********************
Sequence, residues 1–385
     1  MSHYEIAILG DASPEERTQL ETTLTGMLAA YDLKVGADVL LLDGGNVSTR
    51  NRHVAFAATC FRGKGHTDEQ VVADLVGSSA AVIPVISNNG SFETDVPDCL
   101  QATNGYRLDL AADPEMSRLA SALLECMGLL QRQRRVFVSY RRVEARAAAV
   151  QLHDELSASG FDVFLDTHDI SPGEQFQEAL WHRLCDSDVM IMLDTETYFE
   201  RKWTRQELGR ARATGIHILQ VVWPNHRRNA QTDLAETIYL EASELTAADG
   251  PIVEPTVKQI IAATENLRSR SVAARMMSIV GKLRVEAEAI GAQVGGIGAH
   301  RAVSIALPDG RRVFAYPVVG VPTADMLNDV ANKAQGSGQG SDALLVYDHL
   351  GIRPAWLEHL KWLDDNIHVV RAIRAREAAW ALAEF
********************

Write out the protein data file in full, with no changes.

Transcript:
Sequence, residues 1–385
     1  MSHYEIAILG DASPEERTQL ETTLTGMLAA YDLKVGADVL LLDGGNVSTR
    51  NRHVAFAATC FRGKGHTDEQ VVADLVGSSA AVIPVISNNG SFETDVPDCL
   101  QATNGYRLDL AADPEMSRLA SALLECMGLL QRQRRVFVSY RRVEARAAAV
   151  QLHDELSASG FDVFLDTHDI SPGEQFQEAL WHRLCDSDVM IMLDTETYFE
   201  RKWTRQELGR ARATGIHILQ VVWPNHRRNA QTDLAETIYL EASELTAADG
   251  PIVEPTVKQI IAATENLRSR SVAARMMSIV GKLRVEAEAI GAQVGGIGAH
   301  RAVSIALPDG RRVFAYPVVG VPTADMLNDV ANKAQGSGQG SDALLVYDHL
   351  GIRPAWLEHL KWLDDNIHVV RAIRAREAAW ALAEF